Subscribe & save 15% on every order!


Written by Ben Higgins


Posted on January 10 2023

Whether you are new to the coffee world, or an experienced consumer of the world’s favorite bean, you have most likely heard of the latest trend in coffee drinking - homemade cold brew. With its smooth, velvety mouthfeel and distinctly chocolatey flavor, cold brew is making waves in the cups of coffee drinkers all over the world.

Cold brew involves the unique process of brewing coffee in cold water over a long period of time, which gives homemade cold brew a unique flavor, far different from any other brewing method.

Perfect with a little vanilla or cold foam, or even infused with nitrogen for a nitro cold brew, experimenting with cold brew is an easy and affordable way to make delicious coffee in the comfort of your home. Whether you’re commuting on a hot summer morning, need a mid-afternoon pick-me-up, or even just living the life of a cold coffee fanatic, cold brew is bound to be your new best friend.

Glass of Cold Brew on a counter


So what’s the idea behind cold brew? Put simply, typical coffee is brewed hot, which usually accentuates the fruity, acidic notes of the coffee. As is the case with a hot brewing environment, oils and flavor compounds held in the coffee beans are more easily extracted, which will in turn create a more flavorful, nuanced beverage quickly, usually within a matter of minutes.

Cold brew is instead brewed at a consistent temperature, near room temperature or colder. When brewed at a consistently cool temperature, different flavors of your coffee are given a spotlight.

Less oils and flavor compounds are extracted from your coffee with the colder environment, leaving your homemade cold brew concentrate with a less bitter flavor and lower acidity, instead lending a bolder, more chocolatey aroma to each sip. However, the significantly lower temperature of brewing mandates an increased amount of contact time between the coffee and water, meaning cold brew coffee often needs between 12 and 24 hours for flavors to be adequately extracted.

This concentrate is also significantly stronger, both in flavor and caffeine, and therefore should be diluted before drinking to mimic the strength and complexity of a typical coffee beverage. Most cafes will mix a 1-to-1 ratio of cold brew concentrate to water, but your needs may vary.



While brewing your coffee cold takes a longer amount of time, most of the process of how to make cold brew is simple and inactive, making it super easy to bring the smooth and strong profile of this beverage into YOUR home. Here are a few items you will need before you get started:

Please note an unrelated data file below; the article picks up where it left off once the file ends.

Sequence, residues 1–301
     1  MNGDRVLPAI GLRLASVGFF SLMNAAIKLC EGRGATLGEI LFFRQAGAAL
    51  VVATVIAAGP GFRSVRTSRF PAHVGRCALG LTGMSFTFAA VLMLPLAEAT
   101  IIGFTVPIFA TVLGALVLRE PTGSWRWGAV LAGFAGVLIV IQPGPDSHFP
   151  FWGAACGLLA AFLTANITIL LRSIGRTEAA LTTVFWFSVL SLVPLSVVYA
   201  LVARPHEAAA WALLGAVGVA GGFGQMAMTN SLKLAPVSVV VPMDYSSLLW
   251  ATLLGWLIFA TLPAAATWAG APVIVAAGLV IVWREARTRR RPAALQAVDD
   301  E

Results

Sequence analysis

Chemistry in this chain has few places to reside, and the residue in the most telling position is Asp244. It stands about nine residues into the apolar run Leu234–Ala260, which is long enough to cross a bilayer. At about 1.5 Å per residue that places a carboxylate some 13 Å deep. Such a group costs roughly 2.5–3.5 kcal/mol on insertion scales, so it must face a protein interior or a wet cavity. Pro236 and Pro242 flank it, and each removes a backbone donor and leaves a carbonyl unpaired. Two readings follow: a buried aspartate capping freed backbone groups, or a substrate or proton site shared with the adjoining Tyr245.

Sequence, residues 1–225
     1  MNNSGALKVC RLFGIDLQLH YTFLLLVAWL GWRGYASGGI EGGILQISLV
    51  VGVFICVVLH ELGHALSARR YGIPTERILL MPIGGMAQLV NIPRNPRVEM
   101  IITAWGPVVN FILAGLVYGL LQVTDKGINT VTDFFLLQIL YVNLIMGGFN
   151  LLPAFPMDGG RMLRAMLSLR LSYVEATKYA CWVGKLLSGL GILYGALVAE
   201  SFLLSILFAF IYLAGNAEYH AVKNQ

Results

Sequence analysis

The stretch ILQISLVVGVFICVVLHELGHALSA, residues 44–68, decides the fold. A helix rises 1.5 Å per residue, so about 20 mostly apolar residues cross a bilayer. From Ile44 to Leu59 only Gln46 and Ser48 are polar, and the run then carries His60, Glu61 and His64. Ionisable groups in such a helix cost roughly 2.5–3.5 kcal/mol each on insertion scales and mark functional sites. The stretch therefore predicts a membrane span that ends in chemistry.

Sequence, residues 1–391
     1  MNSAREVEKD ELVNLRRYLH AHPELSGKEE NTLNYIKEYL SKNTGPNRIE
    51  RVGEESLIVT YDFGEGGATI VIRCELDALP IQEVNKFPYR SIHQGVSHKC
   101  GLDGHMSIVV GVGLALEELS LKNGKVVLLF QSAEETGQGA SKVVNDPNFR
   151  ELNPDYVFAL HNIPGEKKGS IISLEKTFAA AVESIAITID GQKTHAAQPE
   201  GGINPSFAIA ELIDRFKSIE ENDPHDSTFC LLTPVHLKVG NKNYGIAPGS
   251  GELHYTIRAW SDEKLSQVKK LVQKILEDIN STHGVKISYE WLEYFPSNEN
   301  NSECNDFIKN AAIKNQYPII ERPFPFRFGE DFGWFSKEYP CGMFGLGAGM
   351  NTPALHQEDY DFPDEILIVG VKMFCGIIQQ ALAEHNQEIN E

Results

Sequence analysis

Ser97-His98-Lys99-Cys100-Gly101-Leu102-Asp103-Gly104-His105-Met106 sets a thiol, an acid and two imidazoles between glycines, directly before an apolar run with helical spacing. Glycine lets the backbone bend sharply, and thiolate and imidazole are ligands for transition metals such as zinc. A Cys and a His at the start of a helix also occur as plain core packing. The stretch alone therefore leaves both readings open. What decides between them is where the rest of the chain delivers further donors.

• Your favorite blend of Generous coffee
  • A coffee bean grinder (You can ignore this your coffee is pre-ground)
  • A large container (think 32 oz Mason Jar) and cheesecloth OR a French press
  • Something to stir with

That’s it! The first step after gathering supplies is to grind your coffee beans. When you want to make cold brew, how you grind your beans matters. You will want to stick with the coarsest grind possible, as it will make the filtration process a little easier, and leave you with a clear, bold coffee. 

Place your coffee grounds in your container, add water, and stir it up for a bit. The ratio of water to coffee depends highly on personal preference, and might be something you will have to experiment with to find the best brew for you. If you’re not sure where to begin, a common standard ratio for cold brew is 1 part coffee to 4 parts water (For every 1 c. of coffee, add 4 c. of water).

This ratio is scalable to any size batch of homemade cold brew, so feel free to make as much or as little as you need. This ratio will give you a strong, flavorful, and bold brew, making it a good place to start when venturing into the cold brew world. If you like stronger coffee, decrease the ratio by adding more grounds or mixing with less water.

If you prefer a more subtle taste, increase the amount of water you use, or hold back on the coffee a bit. You can also affect the strength of your coffee at the end, depending on how much water you add to your homemade cold brew concentrate.

A display tray of coffee beans, grounds, and brewed coffee.

When your water and beans are in your container, the next 12-24 hours of the journey are simple. If you are using a French press, place the lid on the container, but do NOT press down.

If you are using a large container, you can cover it with cheesecloth, or just leave it to infuse at room temperature. Let the coffee steep for AT LEAST 12 hours. The longer the steep, the more caffeine and oils are extracted from the coffee grounds, meaning a 24-hour brew will give you a richer, stronger cold brew. Brewing too long can result in a muddy, flat-tasting cold brew, so it isn’t recommended to go past the 24-hour mark.

The final step! Once you’ve let your beans soak in the water for 12-24 hours, you can begin the filtration process. If you are using a French press, simply press down on the plunger. If you are using a container like a Mason jar, use the cheesecloth as your filter for separating the homemade cold brew concentrate from the coffee grounds.

You will want to have a separate container to pour the coffee into as you strain it with the cheesecloth. From here, you can store it in the fridge as-is, or dilute it with an equal amount of water to save time diluting the concentrate later. Regardless of when you dilute it, general wisdom suggests a 1:1 mix of homemade cold brew concentrate to water, though your taste is important here!

After your grounds are separated from your coffee, you can proudly call yourself a Homemade Cold Brewer. Be sure to store your cold brew in the refrigerator and enjoy it within 10 days. Sip, sip, HOORAY for Generous Cold Brew!



Leave a Comment